Four counterproductive myths about entrepreneurship, part III
[This post is part of a series on four main myths that discourage entrepreneurship and how to overcome them. If you don’t see a Table of Contents to the left, click here to view the series, where you’ll get more value than reading just this post.]
Myth 3: I should make some more money before starting my venture
I’ve never met anyone who didn’t raise his or her standard of living after making more money. Making money leads to spending money. If you have the discipline to increase your income and parcel significant amounts for starting your venture, that discipline is so much greater than the average person’s, and so valuable for the entrepreneur, it may be worth as much as the money you would get later. I recommend someone like you starting the venture with what you have.
It’s difficult to make a ton of money without joining communities of people also making tons of money. Participating in those communities generally means activities costing about what its members earn — where you live, what you drive, what you eat, where you vacation, and so on.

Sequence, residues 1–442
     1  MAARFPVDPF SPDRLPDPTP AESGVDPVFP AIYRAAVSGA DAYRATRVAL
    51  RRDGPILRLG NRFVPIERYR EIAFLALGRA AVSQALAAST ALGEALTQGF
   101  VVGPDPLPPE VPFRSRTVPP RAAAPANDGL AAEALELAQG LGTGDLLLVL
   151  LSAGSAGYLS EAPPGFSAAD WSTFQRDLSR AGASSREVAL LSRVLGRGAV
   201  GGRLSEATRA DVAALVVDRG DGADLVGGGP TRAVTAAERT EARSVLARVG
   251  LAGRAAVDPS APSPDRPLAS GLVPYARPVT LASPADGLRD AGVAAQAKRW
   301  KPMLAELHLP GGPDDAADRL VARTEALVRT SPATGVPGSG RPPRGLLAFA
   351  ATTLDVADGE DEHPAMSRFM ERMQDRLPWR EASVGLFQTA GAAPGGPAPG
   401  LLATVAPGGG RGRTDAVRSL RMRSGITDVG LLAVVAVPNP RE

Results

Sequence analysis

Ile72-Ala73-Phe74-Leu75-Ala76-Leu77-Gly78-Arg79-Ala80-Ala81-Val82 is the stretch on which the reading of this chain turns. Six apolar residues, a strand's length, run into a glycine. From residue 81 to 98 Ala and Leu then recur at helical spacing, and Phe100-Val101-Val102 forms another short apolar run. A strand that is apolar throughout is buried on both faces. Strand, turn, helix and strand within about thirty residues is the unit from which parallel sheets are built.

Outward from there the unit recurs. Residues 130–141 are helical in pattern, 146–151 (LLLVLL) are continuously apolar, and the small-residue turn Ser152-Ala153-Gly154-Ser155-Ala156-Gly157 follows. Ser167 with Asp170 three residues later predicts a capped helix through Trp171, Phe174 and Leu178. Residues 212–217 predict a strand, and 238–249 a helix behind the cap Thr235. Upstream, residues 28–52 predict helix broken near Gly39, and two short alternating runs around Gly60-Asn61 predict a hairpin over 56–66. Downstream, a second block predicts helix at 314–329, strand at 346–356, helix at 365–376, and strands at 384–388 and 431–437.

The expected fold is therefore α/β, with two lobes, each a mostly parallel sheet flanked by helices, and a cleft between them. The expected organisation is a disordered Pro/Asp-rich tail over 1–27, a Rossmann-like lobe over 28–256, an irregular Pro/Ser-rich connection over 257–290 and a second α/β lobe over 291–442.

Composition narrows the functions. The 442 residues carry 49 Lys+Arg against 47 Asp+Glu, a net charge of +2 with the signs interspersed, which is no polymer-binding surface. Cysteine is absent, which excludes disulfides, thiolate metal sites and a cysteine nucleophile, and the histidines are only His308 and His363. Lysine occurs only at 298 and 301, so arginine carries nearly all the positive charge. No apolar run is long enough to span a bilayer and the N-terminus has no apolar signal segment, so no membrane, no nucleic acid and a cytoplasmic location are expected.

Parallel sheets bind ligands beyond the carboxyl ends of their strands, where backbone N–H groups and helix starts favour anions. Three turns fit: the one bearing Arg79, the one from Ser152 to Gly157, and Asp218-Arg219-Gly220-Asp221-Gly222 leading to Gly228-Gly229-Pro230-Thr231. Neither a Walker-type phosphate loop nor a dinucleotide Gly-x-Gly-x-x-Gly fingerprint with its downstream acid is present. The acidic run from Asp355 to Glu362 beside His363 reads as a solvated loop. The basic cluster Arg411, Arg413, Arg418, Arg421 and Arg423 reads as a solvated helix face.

If all your friends live in mansions and drive expensive cars to golf courses, you’ll miss out on deals and promotions if you commute by subway in the city. If you get the car, you’re more likely to get the house, and so on. If your passion is having money now, by all means enjoy your passion, but recognize entrepreneurship may not be right for you.
If you plan a venture involving these communities — you want to sell luxury yachts, for example — by all means join those communities, but as part of your venture.
Another big part of this myth is that starting ventures requires you, the entrepreneur, to have a lot of money. The venture may need millions, but you don’t. You need enough money to pay rent, eat, and basic necessities. If you believe your venture can succeed and you can convince others with money to agree, you can always get the funds you need. If you don’t and can’t, more than money your challenge is to develop personally. (That’s a good thing if it’s your passion.)
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